Juvenile vaquita
Science Snapshot: Down but Not Out
Inbreeding depression won’t bring the 10 remaining vaquitas to extinction.
ABOVE: Richard Ladkani/Terra Mater Studios/National Geographic
Science Snapshot: Down but Not Out
Science Snapshot: Down but Not Out

Inbreeding depression won’t bring the 10 remaining vaquitas to extinction.

Inbreeding depression won’t bring the 10 remaining vaquitas to extinction.

ABOVE: Richard Ladkani/Terra Mater Studios/National Geographic

genetic diversity

Deborah Nickerson
Genome Pioneer Deborah Nickerson Dies at 67
Amanda Heidt | Feb 9, 2022
The University of Washington researcher leveraged data from the Human Genome Project to identify genes underlying various health conditions and advance precision medicine.
shrew
Researchers Identify 14 New Shrew Species 
Chloe Tenn | Jan 5, 2022
The discovery, made on the island of Sulawesi in Indonesia, constitutes an exceptionally high number of new mammals to be described in a single paper.
A Little Help From My Friends: Lessons Learned From Microbiome Metagenomics
The Scientist Creative Services Team | Jul 2, 2020
Heather Jordan and Jennifer Wargo will discuss how metagenomics studies help uncover new and medically relevant functions of the human microbiome.
grey and purple cancer cells under a microscope
Cell Diversity Could Spell Trouble for Animal Models of Cancer
David Adam | Nov 19, 2021
Tracking human cancers in mice shows some unexpected cell changes that could undermine translational research.  
a smiling woman standing between a much taller man and woman
Protein Size Matters
David Adam | Sep 23, 2021
A study probes how genetic duplications that can swell protein length influence human traits such as height and kidney function.
Humans Domesticated Yeast Through Bread-Making: Study
Max Kozlov | Dec 11, 2020
Over centuries of cultivating Saccharomyces cerevisiae to make dough, bakers have put selective pressure on the species, causing it to diverge into two distinct groups, according to the authors.
Study Tracks Geographical Gene Flow and Ancestry in the US
Shawna Williams | Sep 1, 2020
The analysis adds new details to the picture of migration and mixing in a diverse country.
Sequences of African Genomes Highlights Long-Overlooked Diversity
Jef Akst | Oct 18, 2019
An analysis of more than 400 human genomes from residents of 13 African countries presented at this week’s annual meeting of the American Society of Human Genetics greatly expands our species’ cataloged genetic diversity.
Opinion: Greater Diversity Is Needed in Human Genomic Data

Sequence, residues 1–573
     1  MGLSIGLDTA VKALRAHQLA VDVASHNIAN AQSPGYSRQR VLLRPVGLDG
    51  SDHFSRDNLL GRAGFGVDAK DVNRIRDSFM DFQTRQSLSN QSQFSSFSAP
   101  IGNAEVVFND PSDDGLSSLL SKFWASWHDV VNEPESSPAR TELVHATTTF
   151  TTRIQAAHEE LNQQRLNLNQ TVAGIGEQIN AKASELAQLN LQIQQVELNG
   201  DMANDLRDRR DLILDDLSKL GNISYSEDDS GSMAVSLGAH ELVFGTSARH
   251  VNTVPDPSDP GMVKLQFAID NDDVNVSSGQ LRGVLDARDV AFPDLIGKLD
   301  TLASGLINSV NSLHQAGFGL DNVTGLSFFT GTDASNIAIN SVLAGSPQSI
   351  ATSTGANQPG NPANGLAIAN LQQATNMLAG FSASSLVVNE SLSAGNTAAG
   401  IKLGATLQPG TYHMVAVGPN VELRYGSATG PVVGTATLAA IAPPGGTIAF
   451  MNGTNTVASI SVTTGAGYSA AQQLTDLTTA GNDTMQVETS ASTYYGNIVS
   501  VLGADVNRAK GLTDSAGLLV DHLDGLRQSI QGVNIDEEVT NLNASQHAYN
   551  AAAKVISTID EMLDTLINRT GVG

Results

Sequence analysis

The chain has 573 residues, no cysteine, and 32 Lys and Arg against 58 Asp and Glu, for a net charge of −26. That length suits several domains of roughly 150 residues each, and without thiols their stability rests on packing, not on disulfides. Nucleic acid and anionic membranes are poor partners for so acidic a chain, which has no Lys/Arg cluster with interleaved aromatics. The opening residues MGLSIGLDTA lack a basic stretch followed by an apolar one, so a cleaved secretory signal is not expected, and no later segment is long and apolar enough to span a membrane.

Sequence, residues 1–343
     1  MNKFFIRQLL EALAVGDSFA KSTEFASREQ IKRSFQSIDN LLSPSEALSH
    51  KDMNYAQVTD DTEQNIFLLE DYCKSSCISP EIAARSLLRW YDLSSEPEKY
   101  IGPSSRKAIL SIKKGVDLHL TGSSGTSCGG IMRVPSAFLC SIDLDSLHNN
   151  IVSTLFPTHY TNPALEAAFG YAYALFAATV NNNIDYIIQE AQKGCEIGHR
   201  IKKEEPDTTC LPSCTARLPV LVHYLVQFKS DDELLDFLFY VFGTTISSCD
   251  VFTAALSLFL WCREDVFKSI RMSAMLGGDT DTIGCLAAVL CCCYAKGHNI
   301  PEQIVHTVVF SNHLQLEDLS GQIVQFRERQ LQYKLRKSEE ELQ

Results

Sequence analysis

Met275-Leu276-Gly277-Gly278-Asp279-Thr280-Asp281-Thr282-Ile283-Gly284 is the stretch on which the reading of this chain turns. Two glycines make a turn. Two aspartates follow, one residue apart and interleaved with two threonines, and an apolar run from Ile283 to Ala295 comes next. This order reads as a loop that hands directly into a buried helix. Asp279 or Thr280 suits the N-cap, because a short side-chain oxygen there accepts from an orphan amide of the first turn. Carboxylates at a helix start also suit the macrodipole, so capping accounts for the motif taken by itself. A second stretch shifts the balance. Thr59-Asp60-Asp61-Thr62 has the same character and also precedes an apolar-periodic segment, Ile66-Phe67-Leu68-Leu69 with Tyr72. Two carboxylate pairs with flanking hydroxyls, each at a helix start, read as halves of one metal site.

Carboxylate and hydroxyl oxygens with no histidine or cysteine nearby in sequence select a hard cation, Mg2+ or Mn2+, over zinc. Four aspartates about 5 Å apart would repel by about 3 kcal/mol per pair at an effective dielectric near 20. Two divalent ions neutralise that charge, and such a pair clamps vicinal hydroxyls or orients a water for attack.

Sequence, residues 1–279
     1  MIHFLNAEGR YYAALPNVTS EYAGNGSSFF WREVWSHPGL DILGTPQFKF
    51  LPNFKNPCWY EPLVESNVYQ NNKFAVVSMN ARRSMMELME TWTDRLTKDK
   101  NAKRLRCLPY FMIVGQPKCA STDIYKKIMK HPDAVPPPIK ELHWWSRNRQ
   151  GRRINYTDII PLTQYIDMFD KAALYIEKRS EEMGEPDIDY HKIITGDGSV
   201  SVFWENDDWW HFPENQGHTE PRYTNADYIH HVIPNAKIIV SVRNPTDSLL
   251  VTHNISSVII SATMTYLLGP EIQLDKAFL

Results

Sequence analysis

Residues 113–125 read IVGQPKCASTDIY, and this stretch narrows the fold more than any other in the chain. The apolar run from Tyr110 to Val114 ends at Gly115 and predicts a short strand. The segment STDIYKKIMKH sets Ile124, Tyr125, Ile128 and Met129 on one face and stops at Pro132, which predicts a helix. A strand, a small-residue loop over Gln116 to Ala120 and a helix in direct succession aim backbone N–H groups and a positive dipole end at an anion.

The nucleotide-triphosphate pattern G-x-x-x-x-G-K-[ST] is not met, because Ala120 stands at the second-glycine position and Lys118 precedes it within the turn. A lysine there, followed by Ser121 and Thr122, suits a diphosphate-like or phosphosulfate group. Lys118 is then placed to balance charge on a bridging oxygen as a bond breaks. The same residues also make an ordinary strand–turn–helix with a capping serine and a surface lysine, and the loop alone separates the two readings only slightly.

Charles Lee | Sep 1, 2019
Researchers must ensure that the inequality seen in most of today’s genomic studies and databases is corrected.
Does Our DNA Make Us All Unique or All the Same?
Bob Grant | Sep 1, 2019
A better understanding of the genetic diversity among humans could motivate an appreciation of both our similarities and our differences.
Contributors
The Scientist Staff | Sep 1, 2019
Meet some of the people featured in the September 2019 issue of The Scientist.
personalized medicine
Moving Towards Individualized Medicine For All
Bob Grant | Jul 15, 2019
How we talk about the coming revolution in clinical care matters as much as the need to involve all types of people in the process.
Lack of Diversity in Genetic Datasets is Risky for Treating Disease
Ashley Yeager | Mar 21, 2019
Certain populations have been historically underrepresented in genome sequencing studies, but the NIH, private clinics, and 23andMe and other companies are trying to fix that.
Infographic: How Cities Influence Evolution
Catherine Offord | Jan 1, 2019
Urban environments are driving genetic changes in resident species through multiple mechanisms, from establishing gene flow barriers to exerting novel selection pressures.
Cities Can Serve as Cauldrons of Evolution
Catherine Offord | Jan 1, 2019
From changes in gene flow to adaptation, the effects of urbanization are shaping the evolutionary trajectories of plants and animals.
Human Birth Canal Varies More Widely than Previously Thought
Anna Azvolinsky | Oct 24, 2018
The pelvic bones of women have been shaped more by random evolution than by natural selection, a new study finds.
Image of the Day: Where Have All The Pigeons Gone? 
The Scientist Staff, The Scientist Staff | Dec 8, 2017
A new study sheds light on how the most abundant bird in North America went extinct. 
Advancing Techniques Reveal the Brain’s Impressive Diversity
Sara B. Linker, Fred H. Gage, Tracy A. Bedrosian | Nov 1, 2017
No two neurons are alike. What does that mean for brain function?
The Pangenome: Are Single Reference Genomes Dead?
Catherine Offord | Dec 1, 2016
Researchers are abandoning the concept of a list of genes sequenced from a single individual, instead aiming for a way to describe all the genetic variation within a species.